Even from beyond the grave, Arecibo is still contributing to new discoveries. Back in October, researchers released a “treasure trove of data” from what was then the world’s most powerful radio telescope on the radar signatures of near-Earth asteroids (NEAs). Not only will these observations help defend the planet if any of those asteroids happen to be hazardous, but they can also help the burgeoning asteroid mining industry scan for targets.
Even though this is the largest data dump of its kind, it still only covers 191 asteroids of the 30,000 known NEAs. Those asteroids were scanned between December 2017 and December 2019 using a technique known as delay-Doppler radar. Radar is one of the most important wavelengths to study these objects with, as it allows scientists to get a much higher resolution than other ground-based sensing techniques.
A resolution of 7.5m is pretty precise for the number of asteroids in the study – most had only been seen as faint dots on an image plate beforehand. It’s also helpful in understanding a few other interesting characteristics of the asteroids, such as spin periods and sizes. But what might be even more interesting is their polarization.
The polarization of an object is indicative of what is on the surface and potentially what is then under the surface of these bodies. That is of particular interest to asteroid mining companies, and the Arecibo release contains that data for 110 of the asteroids, and a few of them were particularly interesting.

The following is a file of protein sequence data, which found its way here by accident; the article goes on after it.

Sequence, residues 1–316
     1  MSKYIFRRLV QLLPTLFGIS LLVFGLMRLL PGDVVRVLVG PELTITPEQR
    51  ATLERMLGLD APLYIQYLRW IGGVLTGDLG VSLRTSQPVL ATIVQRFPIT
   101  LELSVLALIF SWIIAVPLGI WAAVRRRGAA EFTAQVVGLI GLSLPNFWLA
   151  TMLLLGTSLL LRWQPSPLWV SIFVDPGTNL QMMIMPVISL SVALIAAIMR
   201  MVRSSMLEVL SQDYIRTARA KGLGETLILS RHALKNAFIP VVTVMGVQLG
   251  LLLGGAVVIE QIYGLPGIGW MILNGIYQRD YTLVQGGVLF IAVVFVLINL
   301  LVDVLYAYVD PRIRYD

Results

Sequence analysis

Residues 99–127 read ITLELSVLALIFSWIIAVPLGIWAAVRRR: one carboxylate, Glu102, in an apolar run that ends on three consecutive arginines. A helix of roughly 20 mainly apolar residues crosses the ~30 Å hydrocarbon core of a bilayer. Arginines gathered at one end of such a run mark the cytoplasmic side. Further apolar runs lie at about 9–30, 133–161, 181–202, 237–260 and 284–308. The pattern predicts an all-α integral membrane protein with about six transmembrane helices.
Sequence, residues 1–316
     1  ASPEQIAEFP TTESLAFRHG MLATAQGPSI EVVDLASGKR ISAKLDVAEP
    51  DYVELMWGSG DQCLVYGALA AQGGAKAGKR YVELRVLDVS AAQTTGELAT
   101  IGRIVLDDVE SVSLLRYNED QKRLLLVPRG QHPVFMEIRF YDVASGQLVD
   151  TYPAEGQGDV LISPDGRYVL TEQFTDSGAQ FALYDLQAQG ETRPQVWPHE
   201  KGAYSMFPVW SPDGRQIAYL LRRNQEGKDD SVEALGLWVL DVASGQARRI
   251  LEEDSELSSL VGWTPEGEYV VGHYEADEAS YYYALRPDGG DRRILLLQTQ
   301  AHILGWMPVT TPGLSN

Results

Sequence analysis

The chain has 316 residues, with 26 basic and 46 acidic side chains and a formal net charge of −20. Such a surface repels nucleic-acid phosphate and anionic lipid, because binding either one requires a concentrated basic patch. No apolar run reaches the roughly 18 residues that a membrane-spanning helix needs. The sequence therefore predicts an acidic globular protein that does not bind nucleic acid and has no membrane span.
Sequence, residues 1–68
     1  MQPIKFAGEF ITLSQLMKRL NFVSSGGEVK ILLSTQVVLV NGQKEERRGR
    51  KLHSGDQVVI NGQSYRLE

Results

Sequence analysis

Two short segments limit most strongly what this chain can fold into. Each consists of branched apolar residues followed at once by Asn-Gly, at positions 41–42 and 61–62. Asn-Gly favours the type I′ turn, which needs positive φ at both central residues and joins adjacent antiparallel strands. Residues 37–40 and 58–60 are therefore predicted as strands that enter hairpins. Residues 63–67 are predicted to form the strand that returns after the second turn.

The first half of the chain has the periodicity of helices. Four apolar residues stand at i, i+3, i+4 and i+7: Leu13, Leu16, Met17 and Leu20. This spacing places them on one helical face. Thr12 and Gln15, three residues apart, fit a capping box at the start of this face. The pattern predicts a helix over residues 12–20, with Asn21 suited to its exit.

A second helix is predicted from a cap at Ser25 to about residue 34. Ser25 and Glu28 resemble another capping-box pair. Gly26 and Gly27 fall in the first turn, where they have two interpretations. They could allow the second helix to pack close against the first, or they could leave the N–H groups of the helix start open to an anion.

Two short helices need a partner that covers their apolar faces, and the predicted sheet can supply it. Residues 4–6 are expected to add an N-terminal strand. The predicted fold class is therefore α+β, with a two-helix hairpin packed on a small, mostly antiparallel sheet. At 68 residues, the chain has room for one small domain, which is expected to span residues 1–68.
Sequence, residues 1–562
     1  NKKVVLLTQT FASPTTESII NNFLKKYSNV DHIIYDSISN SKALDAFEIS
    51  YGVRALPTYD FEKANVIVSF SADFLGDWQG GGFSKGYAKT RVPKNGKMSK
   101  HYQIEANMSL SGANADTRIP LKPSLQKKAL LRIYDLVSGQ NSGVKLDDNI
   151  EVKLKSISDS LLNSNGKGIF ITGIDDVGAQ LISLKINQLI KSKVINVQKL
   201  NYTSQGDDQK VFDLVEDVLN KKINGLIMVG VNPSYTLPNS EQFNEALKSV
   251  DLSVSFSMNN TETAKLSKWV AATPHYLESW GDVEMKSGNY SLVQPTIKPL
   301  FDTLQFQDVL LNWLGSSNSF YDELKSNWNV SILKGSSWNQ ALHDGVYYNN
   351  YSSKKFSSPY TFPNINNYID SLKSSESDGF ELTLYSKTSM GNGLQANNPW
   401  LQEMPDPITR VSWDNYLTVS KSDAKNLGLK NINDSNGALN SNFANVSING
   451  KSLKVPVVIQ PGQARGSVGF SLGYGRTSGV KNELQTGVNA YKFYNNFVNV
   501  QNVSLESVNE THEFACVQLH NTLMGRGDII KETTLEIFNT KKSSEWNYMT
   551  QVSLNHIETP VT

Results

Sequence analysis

There is a shortage of NEAs that are “metal rich,” which is one of the main characteristics that asteroid miners are looking for in a potential mining prospect. Two of the 110 asteroids studied seemed to have high albedos, indicating that they could be metal-rich – a rare find in the area around Earth.
Potentially more interesting, though, is one particular asteroid – or, more accurately, a binary pair of asteroids called 2017 YE5. This binary page has high albedo but relatively low density, leading scientists to believe that it might be full of ice rather than metal. Water is also of particular interest to asteroid miners, as it can be a key component in one of the most in-demand substances in space – rocket fuel.
Another potentially exciting finding in the data set is the discovery of five E-type asteroids. These asteroids, which contain significant concentrations of a mineral called enstatite, could be a source of silicon, magnesium, and oxygen. Arecibo saw these asteroids for what they were; however, previous data sets didn’t identify the specific characteristics that mark them as E-type.
As with all of these data set releases, there’s still more work to be done, as there might be other misclassified asteroids lurking. But it shows that, even years after it collapsed into a pile of rubble, Arecibo still provides the scientific community with more and more insights.
UCF – Arecibo Observatory Scientists Publish Major Study on Near-Earth Asteroids
Virkki et al – Arecibo Planetary Radar Observations of Near-Earth Asteroids: 2017 December–2019
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Artist’s depiction of a series of NEAs.
Credit – Adobe Stock